LEICESTER, United Kingdom – Father Paul Grogan is an ordinary priest in Bradford, in the north of England, but his life is extraordinary.
His story is told in the documentary The Priest, which tells the story of Mary, Mother of God Catholic parish from the beginning of Lent until Easter Sunday.
“I just want to see what it is like to be with a priest for a period of time,” said Michael Whyte, the film’s creator.
“I think people have a sort of rather narrow view of the priesthood and that it’s you know they they do Mass a few times week that’s about it – maybe they’ll take the odd confession and stuff like that – but generally speaking, it’s a relatively easy job and everything is alright with them because they’ve got God on their side,” he said.
“I felt that there’s a human element to the priesthood: The man himself and what he goes through on a personal level and how difficult it is or how trying, and I had no idea,” Whyte told Crux.
Grogan gave Whyte complete access, and the film includes everything from baptisms to funerals.
“Michael’s camera allowed me to gaze upon my own life and work from a perspective outside of myself. A young couple mourn the death of their severely disabled child – and I get to spend time with them in their grief. An elderly woman is dying – and it is to me that she says the simple lapidary words which are etched in my memory: ‘I am not afraid of dying.’ Two adults with learning difficulties look forward to receiving the First Sacraments and I get to share with them as best I can what it all means,” the priest said.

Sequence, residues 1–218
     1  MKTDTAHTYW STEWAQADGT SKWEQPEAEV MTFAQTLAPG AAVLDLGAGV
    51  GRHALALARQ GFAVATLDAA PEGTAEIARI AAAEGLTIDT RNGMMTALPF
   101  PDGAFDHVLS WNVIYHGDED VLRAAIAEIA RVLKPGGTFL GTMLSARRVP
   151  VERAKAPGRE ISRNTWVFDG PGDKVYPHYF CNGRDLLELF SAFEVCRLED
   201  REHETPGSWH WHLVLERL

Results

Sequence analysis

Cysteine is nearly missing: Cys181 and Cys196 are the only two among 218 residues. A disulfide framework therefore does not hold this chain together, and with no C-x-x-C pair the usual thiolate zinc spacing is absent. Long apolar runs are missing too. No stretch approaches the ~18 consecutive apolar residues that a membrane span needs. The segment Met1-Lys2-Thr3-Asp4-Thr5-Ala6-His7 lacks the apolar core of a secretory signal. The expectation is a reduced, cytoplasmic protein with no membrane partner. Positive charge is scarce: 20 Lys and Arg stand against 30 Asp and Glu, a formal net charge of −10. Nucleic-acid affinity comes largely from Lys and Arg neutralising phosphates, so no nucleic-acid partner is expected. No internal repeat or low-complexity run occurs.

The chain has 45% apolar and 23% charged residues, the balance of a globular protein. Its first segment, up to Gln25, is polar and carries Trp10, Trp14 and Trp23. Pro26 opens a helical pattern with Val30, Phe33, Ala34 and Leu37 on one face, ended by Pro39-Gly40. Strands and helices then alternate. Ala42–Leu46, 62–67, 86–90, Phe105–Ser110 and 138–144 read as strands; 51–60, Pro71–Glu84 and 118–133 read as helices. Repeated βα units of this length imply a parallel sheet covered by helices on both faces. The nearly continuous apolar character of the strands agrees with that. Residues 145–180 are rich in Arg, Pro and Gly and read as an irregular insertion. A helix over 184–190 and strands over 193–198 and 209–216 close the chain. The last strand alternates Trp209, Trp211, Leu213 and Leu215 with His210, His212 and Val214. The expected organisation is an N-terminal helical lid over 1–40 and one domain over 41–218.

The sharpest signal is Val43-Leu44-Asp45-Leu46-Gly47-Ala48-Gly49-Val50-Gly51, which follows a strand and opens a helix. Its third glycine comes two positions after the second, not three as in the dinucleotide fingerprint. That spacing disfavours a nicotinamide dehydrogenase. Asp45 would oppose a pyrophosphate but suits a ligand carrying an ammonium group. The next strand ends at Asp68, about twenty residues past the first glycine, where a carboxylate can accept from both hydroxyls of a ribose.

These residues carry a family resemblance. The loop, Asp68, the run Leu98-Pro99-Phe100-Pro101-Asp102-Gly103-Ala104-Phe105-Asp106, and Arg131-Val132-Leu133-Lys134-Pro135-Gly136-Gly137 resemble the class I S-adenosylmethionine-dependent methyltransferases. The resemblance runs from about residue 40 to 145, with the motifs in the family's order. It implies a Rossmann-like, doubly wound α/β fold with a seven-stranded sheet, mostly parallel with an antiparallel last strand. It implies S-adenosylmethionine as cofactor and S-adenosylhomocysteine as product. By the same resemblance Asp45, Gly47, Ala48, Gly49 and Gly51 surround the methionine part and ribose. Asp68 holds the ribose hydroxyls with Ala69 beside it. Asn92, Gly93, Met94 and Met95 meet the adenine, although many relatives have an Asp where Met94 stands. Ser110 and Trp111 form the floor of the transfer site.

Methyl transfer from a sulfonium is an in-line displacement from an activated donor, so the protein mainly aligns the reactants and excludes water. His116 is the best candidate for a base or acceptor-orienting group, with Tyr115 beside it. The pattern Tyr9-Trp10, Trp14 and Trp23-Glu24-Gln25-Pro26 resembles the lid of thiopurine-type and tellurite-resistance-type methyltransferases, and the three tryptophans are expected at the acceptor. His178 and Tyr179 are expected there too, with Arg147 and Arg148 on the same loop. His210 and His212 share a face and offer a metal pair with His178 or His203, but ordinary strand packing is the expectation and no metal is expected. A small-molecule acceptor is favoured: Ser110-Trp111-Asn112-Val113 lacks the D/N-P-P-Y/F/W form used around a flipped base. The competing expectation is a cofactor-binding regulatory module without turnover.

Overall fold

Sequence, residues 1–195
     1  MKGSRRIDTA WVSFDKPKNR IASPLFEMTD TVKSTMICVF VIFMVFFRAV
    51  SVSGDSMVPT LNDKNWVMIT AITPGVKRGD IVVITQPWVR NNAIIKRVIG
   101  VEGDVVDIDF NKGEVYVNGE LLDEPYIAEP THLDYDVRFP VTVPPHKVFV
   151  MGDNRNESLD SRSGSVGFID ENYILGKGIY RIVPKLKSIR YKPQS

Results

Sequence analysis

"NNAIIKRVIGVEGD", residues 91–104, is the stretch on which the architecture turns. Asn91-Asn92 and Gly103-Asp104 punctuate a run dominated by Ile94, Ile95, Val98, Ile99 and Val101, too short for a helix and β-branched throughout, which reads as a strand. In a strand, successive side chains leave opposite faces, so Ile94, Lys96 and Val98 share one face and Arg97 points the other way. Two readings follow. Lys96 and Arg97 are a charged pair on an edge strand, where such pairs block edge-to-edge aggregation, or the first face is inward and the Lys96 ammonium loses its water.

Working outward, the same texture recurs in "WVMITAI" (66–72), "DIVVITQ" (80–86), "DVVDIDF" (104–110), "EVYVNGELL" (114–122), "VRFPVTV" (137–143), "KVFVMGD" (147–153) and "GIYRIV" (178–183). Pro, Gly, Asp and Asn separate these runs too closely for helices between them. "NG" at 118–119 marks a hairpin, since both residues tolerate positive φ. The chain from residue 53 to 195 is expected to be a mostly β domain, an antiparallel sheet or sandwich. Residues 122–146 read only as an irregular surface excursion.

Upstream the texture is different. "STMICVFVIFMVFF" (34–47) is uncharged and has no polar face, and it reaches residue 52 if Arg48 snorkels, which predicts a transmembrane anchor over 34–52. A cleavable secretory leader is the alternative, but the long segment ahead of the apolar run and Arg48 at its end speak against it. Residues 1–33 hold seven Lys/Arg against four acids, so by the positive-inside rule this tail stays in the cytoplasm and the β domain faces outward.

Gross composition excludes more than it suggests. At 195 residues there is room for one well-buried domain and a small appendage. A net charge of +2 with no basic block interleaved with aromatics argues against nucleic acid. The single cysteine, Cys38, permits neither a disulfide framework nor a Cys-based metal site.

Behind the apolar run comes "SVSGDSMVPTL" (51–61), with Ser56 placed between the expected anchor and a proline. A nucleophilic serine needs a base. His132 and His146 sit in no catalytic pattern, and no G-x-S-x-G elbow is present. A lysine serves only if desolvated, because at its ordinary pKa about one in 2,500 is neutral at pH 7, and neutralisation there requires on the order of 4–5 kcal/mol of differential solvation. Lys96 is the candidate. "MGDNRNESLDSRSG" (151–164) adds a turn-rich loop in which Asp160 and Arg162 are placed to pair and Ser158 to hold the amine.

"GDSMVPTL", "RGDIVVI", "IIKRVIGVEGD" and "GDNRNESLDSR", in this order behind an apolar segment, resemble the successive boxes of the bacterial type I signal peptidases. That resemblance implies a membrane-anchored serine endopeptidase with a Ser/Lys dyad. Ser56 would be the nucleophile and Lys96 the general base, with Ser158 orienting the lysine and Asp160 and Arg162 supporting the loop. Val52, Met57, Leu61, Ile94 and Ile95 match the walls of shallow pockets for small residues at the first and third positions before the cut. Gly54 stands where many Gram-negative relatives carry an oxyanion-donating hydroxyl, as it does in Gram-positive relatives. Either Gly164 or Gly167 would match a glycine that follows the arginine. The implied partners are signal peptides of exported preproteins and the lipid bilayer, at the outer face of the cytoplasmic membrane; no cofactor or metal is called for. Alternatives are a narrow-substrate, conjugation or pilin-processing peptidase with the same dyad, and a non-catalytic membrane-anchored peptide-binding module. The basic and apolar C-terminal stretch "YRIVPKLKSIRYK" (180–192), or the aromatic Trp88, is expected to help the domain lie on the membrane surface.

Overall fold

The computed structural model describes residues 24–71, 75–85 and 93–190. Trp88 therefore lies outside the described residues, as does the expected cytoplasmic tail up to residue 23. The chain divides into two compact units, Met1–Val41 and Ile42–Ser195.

Whyte told Crux the most surprising thing about following Grogan around was the amount of work he did.
“I don’t think people do realize how hard priests work. Everybody thinks their own vocation is incredibly hard and stressful… but I felt that following Father Paul – he has one day off a week, and during that one day off he spends his time thinking about the problems in the parish – but the rest of the time he’s either meeting people, or he is in the Divine Office or his sorting out some of the finances in the parish. It’s non-stop,” he said. “He could receive a call at 10 in the evening from parishioner or requiring help or something like that, so it seemed to me extremely demanding, not just physically but also emotionally as well, so that that was a big surprise,” he added.